Ever wondered why we sleep? Well, a new study based on the roundworm C. elegans
has provided the answer, by identifying a gene that regulates sleep. The study, led by David M.
Raizen, MD, PhD, Assistant Professor of Neurology, stated that the round worm
has a sleep-like state.

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In the
study, the researchers showed that there is a period of behavioural serenity
during the worm’s development called lethargus that has sleep-like properties.

"Just as humans are less
responsive during sleep, so is the worm during lethargus. And, just as humans
fall asleep faster and sleep deeper following sleep deprivation, so does the
worm," Nature quoted Raizen, as saying.

The research team used C.
elegans as a model system to identify the gene that regulates sleep. This gene,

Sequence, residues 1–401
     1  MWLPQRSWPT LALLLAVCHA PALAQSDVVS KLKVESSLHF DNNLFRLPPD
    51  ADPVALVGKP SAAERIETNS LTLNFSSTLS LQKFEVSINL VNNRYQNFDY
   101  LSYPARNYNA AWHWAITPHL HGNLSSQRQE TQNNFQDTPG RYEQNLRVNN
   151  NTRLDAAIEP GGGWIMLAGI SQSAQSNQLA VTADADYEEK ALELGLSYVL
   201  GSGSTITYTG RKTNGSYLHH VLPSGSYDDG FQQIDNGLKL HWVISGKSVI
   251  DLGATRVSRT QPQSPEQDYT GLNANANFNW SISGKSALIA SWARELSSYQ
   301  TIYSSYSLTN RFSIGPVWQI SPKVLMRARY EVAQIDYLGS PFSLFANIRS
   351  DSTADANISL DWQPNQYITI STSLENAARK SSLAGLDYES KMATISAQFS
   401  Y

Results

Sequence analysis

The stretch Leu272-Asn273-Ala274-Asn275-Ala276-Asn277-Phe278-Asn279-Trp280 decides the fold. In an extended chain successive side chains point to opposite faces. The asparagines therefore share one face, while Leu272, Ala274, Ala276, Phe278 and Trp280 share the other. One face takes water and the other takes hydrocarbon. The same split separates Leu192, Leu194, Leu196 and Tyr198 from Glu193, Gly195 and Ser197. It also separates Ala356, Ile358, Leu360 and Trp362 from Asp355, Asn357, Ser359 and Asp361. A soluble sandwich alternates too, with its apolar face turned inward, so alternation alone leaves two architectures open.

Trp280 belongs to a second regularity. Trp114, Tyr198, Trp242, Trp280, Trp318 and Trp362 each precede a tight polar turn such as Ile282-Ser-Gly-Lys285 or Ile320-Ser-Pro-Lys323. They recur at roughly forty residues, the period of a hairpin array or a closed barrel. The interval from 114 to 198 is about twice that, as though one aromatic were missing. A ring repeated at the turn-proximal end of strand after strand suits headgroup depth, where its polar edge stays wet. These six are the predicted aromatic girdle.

which encodes a protein kinase and is regulated by a small molecule called
cyclic GMP, has been previously studied but not suspected to play a role in
sleep regulation.

demonstrating that worms sleep, the researchers have not only showed the
ubiquity of sleep in nature, but also propose a compelling hypothesis for the
purpose for sleep.

Since the
time of lethargus coincides with a time in the round worms’ life cycle when
synaptic changes occur in the nervous system, they propose that sleep is a state
required for nervous system plasticity.

In other words, in order for
the nervous system to grow and change, there must be down time of active

The findings
suggest a potential role for this gene in regulating human sleep and may provide
an avenue for developing new drugs for sleep disorders.

Via Times of India